Re: Hebrew/Jewish given names #general

tom klein <jewishgen@...>

It sounds to me like your cousin is making a mistake. Even though Jewish and
secular names do not have to relate in any way (even when the secular name is of
biblical origin), it seems mighty far-fetched that a Benjamin should have a
Jewish name of Pessie Genendel.

One possible source of confusion is the custom that, when praying for a sick
person, they are referred to by their mother's name (e.g. Yitzhaq ben Sarah)
rather than their father's name (e.g. Yitzhaq ben Avraham). Someone hearing
this may misinterpret a part of this as if it were the person's Jewish name.

But this is only speculation, and the only real proof would be a document listing
his actual Jewish name. (birth, brit, ketubah, etc.)

....... Tom Klein, Toronto

PS. a friend of mine, officially named "Emanuel" (in both English and Hebrew),
prefers to be known as "Manny", but is otherwise quite satisfied with his Hebrew

brendajf@... wrote:

I am totally perplexed and I am sure that a knowledgable JewishGenner will have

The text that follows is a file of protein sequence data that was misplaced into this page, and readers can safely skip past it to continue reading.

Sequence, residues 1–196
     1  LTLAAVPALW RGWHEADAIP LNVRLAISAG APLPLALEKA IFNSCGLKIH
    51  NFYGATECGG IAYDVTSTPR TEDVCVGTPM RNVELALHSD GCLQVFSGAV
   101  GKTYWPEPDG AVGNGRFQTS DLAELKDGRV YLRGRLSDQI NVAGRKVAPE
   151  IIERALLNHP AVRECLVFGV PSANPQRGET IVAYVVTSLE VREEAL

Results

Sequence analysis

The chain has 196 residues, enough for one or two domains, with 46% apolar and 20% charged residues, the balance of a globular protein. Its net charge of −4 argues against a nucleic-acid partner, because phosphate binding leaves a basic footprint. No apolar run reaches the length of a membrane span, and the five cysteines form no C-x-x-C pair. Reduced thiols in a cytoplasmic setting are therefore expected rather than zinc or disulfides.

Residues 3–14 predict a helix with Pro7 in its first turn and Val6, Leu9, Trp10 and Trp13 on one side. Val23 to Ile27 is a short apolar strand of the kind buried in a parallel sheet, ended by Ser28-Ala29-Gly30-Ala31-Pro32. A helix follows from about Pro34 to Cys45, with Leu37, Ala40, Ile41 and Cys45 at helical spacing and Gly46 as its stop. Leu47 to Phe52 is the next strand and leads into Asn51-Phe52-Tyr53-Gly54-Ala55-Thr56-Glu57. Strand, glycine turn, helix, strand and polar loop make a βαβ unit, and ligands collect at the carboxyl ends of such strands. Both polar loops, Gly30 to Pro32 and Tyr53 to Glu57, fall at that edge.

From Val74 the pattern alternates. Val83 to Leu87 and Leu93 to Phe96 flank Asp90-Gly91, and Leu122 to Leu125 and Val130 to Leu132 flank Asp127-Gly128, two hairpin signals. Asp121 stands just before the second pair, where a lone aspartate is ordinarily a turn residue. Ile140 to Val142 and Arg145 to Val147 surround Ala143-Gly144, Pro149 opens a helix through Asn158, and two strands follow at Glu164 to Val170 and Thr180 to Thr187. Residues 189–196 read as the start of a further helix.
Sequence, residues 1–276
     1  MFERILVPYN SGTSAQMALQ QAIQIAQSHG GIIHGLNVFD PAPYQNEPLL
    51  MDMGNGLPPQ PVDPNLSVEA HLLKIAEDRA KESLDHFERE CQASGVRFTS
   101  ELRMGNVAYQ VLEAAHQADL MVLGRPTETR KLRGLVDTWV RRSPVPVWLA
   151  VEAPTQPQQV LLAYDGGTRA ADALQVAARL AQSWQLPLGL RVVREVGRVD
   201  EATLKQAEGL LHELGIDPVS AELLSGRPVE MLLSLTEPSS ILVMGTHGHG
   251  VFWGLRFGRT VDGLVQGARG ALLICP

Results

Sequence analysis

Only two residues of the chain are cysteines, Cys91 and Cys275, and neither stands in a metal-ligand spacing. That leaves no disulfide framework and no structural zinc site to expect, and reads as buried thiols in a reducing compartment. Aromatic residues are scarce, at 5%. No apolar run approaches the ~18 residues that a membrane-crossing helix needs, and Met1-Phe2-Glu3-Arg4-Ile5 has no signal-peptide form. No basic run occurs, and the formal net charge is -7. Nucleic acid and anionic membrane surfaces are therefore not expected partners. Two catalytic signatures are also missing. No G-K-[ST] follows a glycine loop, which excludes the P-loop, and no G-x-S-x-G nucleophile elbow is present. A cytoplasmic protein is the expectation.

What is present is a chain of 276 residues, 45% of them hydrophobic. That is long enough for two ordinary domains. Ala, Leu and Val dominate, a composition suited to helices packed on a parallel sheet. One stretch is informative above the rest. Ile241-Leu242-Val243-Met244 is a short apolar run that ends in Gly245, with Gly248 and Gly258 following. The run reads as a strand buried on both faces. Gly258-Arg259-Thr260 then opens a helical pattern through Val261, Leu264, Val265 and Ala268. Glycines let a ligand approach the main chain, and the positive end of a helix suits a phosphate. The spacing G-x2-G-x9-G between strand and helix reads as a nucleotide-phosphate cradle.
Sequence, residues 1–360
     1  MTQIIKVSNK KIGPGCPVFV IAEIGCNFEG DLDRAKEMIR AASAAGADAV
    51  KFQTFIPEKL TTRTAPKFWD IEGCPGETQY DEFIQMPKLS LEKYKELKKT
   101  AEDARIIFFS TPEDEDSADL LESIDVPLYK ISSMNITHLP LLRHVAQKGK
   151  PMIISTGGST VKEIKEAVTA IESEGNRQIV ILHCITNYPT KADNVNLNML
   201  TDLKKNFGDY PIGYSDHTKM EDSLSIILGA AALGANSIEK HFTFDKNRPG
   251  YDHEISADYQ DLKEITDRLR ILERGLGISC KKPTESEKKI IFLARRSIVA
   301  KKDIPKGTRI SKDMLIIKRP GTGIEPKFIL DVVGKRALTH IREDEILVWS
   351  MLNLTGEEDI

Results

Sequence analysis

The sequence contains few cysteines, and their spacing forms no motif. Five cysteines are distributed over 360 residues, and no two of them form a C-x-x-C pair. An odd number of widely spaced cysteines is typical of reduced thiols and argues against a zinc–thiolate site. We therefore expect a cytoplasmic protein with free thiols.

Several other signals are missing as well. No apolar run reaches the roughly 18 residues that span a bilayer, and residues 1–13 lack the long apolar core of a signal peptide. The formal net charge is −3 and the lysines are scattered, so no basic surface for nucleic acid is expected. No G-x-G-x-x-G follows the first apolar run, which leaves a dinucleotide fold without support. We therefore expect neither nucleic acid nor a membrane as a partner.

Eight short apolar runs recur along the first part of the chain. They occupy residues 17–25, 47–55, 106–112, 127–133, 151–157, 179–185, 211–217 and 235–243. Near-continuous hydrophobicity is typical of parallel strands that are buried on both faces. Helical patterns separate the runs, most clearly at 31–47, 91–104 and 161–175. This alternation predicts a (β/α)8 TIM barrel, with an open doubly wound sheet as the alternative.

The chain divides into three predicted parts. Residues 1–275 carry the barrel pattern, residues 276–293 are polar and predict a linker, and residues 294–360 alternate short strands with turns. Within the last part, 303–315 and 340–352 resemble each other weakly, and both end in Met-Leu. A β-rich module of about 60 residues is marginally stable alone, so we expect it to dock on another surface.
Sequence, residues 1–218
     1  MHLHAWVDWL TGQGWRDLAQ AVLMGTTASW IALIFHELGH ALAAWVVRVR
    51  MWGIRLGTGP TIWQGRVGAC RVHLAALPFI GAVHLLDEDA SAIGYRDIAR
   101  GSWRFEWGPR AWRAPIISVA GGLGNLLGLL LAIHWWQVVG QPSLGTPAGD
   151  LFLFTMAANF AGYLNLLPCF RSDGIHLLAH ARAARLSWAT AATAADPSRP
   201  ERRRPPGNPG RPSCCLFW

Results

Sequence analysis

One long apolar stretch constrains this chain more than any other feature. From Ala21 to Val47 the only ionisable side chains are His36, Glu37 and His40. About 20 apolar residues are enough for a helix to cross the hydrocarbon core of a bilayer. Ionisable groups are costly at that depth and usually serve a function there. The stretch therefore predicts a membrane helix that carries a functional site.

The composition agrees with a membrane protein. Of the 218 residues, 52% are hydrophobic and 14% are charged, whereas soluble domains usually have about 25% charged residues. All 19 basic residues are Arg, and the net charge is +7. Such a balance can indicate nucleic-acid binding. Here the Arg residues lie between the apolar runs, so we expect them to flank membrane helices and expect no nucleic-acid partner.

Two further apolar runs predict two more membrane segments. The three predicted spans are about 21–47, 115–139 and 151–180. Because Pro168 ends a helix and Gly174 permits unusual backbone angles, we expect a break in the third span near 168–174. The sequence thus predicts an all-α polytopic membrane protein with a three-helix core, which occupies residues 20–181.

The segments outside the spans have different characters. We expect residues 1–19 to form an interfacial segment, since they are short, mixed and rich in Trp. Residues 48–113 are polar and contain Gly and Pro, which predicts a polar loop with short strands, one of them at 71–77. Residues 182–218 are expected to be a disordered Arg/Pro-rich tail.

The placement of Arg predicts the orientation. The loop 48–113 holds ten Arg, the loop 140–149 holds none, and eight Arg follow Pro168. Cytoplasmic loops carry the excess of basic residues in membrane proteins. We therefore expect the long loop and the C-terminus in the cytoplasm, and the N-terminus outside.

the answers.

1. Why are Jewish children (early 20th centure) named Manuel? Is this different
from Emanuel?
2. My "Jewish" name is Pessie Genendel bat Noah. I have three cousins, named for
the same women, with entirely different English names. One is my grandfather's
mother (Genendel) and one was my grandmother's mother (Pessie).

3. I have an uncle whose daughter insists that her father, Benjamin, had the
Jewish names of Pessie Genendel. Now comes the confusion. Genendel (my uncle's
grandmother) was still alive when he was born! My grandmother was Eastern
European (Ukraine) who, I believe, would never name one of her children after
her mother-in-law (Genendel) while the woman was alive.

Benjamin was born in 1911. Genendel died in 1922. In addition, would a man,
Benjamin, be given a woman's name, Pessie, rather than a male equivalent or

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